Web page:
University of Calgary sustainable architecture professor Jim Love says when it comes to being green “Calgary is quite progressive” though he admits we could be better. Evidence of that statement is found in the city’s Corporate Environment Health and Safety Annual Report for 2013.

For example Calgary’s utilities and environmental protection department reports that in 2013 city administration met key environmental and occupational health and safety targets. Notably last year the city planted 6000 trees on municipal land began installing a green roof on the Municipal Building diverted 40500 tonnes of construction and demolition waste from the landfill and inspected 472 city properties for environmental issues. Administration’s goal is to inspect all 8800 city properties by 2015.

For 2014 the city will convert 2500 streetlights to LEDs create a Habitat Condition Rating tool to evaluate the ecological condition of Calgary’s natural areas and produce a city biodiversity index.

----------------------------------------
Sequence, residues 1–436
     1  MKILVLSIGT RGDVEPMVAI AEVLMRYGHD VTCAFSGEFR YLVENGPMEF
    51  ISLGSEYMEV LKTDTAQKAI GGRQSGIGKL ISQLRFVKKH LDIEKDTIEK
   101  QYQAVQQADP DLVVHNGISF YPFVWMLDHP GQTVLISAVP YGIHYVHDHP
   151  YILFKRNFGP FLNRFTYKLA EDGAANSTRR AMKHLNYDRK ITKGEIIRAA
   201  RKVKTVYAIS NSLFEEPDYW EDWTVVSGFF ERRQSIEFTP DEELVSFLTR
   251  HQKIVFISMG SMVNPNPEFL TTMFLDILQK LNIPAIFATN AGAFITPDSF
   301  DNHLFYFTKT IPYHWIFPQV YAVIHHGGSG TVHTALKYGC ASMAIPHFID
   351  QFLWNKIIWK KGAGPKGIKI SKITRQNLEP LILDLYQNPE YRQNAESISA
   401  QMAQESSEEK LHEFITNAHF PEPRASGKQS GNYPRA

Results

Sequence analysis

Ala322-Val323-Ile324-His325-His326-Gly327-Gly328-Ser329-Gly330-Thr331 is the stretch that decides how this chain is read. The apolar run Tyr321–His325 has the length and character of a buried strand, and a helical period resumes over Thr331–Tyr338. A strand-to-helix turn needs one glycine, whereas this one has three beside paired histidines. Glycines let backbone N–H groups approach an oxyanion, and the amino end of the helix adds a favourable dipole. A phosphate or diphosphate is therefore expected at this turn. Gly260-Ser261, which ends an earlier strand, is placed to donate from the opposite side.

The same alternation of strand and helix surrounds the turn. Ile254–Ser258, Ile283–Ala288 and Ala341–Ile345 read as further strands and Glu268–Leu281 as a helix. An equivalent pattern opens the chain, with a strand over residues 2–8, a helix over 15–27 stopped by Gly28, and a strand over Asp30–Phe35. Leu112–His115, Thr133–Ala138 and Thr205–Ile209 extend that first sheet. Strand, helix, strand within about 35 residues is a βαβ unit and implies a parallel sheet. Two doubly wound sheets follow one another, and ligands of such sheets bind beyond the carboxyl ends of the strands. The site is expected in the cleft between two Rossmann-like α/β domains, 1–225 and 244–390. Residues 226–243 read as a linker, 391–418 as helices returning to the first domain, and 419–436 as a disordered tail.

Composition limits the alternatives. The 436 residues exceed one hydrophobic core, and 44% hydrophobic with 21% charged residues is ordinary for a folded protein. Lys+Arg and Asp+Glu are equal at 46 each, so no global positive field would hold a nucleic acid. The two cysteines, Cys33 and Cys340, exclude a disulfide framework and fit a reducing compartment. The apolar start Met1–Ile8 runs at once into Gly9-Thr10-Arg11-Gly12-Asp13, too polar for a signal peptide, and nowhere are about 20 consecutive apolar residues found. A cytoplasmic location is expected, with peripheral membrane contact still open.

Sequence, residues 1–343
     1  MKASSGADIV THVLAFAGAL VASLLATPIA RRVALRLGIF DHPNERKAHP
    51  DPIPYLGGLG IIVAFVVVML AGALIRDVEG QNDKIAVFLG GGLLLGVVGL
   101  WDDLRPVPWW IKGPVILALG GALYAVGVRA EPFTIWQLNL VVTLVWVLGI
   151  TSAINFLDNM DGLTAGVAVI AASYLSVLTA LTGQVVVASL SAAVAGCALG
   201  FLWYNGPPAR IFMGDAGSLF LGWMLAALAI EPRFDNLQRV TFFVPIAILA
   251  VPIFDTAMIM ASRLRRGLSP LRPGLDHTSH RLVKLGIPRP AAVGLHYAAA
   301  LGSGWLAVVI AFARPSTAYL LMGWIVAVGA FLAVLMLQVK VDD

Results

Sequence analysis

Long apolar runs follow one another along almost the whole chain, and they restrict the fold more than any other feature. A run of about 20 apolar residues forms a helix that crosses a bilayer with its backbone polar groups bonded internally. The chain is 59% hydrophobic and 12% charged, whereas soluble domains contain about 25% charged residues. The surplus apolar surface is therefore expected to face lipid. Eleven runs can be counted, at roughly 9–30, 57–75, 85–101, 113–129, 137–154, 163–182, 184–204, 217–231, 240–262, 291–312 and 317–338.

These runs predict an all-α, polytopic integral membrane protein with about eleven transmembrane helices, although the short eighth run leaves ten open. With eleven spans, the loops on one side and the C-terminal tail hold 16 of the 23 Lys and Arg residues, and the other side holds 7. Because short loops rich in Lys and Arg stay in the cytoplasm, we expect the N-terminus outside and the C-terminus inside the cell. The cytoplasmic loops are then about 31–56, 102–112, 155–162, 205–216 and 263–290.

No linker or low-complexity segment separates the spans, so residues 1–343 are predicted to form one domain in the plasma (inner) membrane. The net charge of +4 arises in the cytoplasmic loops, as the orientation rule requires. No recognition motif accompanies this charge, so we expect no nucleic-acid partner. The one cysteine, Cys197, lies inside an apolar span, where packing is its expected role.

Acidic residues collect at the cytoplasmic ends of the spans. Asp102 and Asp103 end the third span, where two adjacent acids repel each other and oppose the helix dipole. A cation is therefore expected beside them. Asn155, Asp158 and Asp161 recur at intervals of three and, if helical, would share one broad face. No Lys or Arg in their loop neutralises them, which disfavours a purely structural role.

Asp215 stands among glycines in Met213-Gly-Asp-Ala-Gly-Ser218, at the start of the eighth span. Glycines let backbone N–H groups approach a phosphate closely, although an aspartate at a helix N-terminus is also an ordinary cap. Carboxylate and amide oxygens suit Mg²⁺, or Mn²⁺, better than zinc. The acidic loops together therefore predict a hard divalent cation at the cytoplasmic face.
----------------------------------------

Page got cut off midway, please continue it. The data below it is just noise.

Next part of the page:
Despite the city having reduced greenhouse gas emissions from buildings and operations to 41 per cent below 2005 levels — the baseline used for sustainability targets — the report cautions that the city’s emissions in 2013 rose over 2012 levels due to a growing population that requires increased services such as more transit vehicles.